Unfortunately the link is broken (at time of writing)
I wrote somewhere else (I thought it was here, but revisiting it I don’t see this point) that while we don’t look to the Ancient Greeks or Romans for medical advice, we do for philosophical advice. Re-reading this piece, I wonder if the ideal of the four humours being “in balance” continues to have a strong lay influence, and indeed an influence on us all. Certainly I aspire to be “in balance” and tend to feel bad about it if I don’t.
I heard Nutton speak at a symposium on Vesalius last year in Cork – a fascinating talk, and I was lucky enough to have a chat with him afterwards.
Re-reading this review, I feel awkward about the passages which are pretty obvious paraphrases of Nutton himself, ie the third, fourth and fifth paragraphs. I am not sure how equipped I really was (or am) to properly judge this as a scholarly work. That doesn’t scupper the review, but perhaps I should have avoided throwing around terms such as “magisterial.” The reference to “The Simpsons” also dates this piece for me a little – even in 2004 I doubt I had kept up with “The SImpsons” that much anymore.
Ancient medicine – Vivian Nutton
Think “ancient medicine”, and for most, Hippocrates comes to mind. The famous oath, which Hippocrates himself almost certainly had nothing to do with, has preserved the name into the age of mass pop culture; one recalls Homer Simpson begging Dr Hibbert to “remember your hippopotamus oath.” Perhaps some have dimly heard of Galen or other medical figures of classical antiquity, but Hippocrates is undoubtedly number one. Many would have also some awareness of the theory of the four humours, the four fluids which ancient doctors felt went “out of balance” in illness.
Professor Vivian Nutton, in his magisterial study that is, apparently, “the first large-scale history of ancient medicine in a single volume for almost 100 years”, looks beyond the Hippocratic method and tradition to the other medical practices of the Ancient Greeks and Romans. He acknowledges that much, and in particular much of the folk tradition and the role of female healers and midwives, is out of our reach because of the nature of the sources that have survived, and avoids making the book a dry account of the famous names and competing theories.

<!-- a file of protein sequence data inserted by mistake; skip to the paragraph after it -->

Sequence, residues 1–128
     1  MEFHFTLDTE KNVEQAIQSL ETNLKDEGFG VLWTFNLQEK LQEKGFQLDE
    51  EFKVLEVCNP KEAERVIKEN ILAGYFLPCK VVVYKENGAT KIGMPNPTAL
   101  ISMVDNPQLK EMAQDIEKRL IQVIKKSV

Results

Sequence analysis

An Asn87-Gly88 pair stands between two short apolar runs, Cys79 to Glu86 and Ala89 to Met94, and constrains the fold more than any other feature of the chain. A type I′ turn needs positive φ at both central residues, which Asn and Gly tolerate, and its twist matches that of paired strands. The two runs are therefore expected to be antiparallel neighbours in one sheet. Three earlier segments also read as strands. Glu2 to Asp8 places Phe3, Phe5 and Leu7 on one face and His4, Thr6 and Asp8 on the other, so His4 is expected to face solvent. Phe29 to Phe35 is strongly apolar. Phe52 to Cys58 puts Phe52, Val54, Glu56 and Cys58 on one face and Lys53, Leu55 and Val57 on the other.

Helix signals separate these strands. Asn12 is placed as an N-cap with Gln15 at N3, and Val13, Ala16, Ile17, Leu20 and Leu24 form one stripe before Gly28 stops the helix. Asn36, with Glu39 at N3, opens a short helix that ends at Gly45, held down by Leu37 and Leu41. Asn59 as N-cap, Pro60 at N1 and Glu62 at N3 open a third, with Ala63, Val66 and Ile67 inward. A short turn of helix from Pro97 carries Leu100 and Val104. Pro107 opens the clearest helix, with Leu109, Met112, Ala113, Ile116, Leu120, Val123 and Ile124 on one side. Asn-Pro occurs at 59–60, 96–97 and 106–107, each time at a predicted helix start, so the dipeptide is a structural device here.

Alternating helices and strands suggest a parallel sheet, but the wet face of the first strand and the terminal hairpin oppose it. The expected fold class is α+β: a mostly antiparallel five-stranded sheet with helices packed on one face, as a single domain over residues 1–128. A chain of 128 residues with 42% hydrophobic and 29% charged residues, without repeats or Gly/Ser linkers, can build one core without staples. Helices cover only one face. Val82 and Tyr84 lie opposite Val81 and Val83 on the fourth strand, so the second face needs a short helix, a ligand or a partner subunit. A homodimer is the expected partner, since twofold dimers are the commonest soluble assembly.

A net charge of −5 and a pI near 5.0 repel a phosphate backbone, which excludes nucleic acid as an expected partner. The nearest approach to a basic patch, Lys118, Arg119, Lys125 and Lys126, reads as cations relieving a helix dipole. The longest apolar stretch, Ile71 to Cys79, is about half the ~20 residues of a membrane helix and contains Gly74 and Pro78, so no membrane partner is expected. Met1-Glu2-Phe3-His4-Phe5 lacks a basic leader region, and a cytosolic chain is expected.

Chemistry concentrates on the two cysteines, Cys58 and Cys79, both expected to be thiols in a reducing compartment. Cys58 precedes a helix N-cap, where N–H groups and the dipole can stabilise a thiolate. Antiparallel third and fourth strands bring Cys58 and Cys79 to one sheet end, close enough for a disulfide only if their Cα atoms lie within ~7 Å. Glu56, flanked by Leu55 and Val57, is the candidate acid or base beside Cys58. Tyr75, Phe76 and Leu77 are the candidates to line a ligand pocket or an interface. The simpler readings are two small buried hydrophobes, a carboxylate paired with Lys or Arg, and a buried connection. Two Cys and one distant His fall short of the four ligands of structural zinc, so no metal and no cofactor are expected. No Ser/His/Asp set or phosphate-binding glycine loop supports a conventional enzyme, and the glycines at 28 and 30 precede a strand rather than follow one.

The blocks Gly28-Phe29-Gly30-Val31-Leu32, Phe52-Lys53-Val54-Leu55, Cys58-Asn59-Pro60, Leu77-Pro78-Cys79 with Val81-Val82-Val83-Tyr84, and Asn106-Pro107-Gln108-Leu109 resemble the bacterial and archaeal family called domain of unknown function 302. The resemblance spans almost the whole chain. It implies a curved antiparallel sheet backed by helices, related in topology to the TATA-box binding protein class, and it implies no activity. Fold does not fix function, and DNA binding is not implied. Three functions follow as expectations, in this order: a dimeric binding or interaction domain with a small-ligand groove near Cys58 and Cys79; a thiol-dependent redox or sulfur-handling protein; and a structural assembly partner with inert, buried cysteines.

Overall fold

The history of medicine, Nutton writes, is the history of “men and women striving to come to terms with illness, whether as sufferer or as healer.” Hippocrates and the Hippocratics are dealt with fully, but Nutton is keen to bring us the full range of ancient medical thought. He pays especial attention to Galen of Pergamum, a figure much of his academic work has been concerned with and one whom he evidently feels a special affinity. But Galen tended to present himself as a lone fighter for truth amidst ignorance; Nutton introduces other schools of thought, less of whose works have survived (almost three million of Galen’s words are with us still), such as the Methodists, Pneumatists and the various groups of Hippocratics.
Medical thinking inevitably informs and is informed by the wider culture. The detailed description of wounds and their treatment in the Iliad lead some fanciful commentators to postulate that Homer was a medical officer attached to the Argives during the Trojan War. And Thucydides’ famously dispassionate description of the plague that befell Athens during the Peloponnesian War bears the influence of the Hippocratic method and has also inspired speculation that the author has had medical training.
Nutton discusses the interplay between medicine and religion. It comes as a surprise to discover how pliable the Ancient Greek Pantheon was. The cult of Ascelpius, god of healing, only emerged in the fifth century BC. Nutton suggests that there was not competition between medical and magical models of healing in the Greece of this time. It is easy to write of where ancient doctors got things wrong; certainly the four humours (blood, phlegm, bile and black bile) do not feature much in contemporary biology. However, their major insight, that illness was not necessarily a supernatural judgement from above, but something that could be understood and alleviated, was perhaps the most significant breakthrough in thinking about disease in history.
Most commentators have tended to be rather dismissive of Roman medicine. At least some of this is due to an equation of Roman with Latin and a more limited, insular culture than the Greeks; as Nutton writes, this was certainly true of the Republic but not of the multilingual Empire. Galen was a man of the second century AD. The book is strong on the medicine of the later Empire, with the rise of Christianity occasionally clashing with medical thinking but on the whole complementing it. The new religion, with its emphasis on the New Testament injunction to love one’s neighbour, oversaw the creation of the modern hospital in the early fourth century AD.
Nutton’s main focus is an attempt to reconstruct the individual lives of patients and doctors. He writes that he wants to “give a sense of ancient medicine, what it must have been like to have seen Hippocrates at the bedside of a patient, Erasistratus experimenting, Asclepiades or Thessalus holding forth, or Galen dissecting a pig.” Ancient doctors were independent spirits, and Nutton’s attempt to reconstruction the contention of different ideas of healing and illness is entirely admirable. The traditional, heroic account of ancient medicine as the gradual accumulation of skills and knowledge from early Greece to Galen is not abandoned, but balanced.
For a scholarly work, Ancient Medicine is a readable story of the ordinary lives of history. Nutton is a patient, fair-minded and wise guide to the array of medical practices of the classical past. The book acts as a corrective to misconceptions about the classical past, without indulging in revisionism for the sake of it.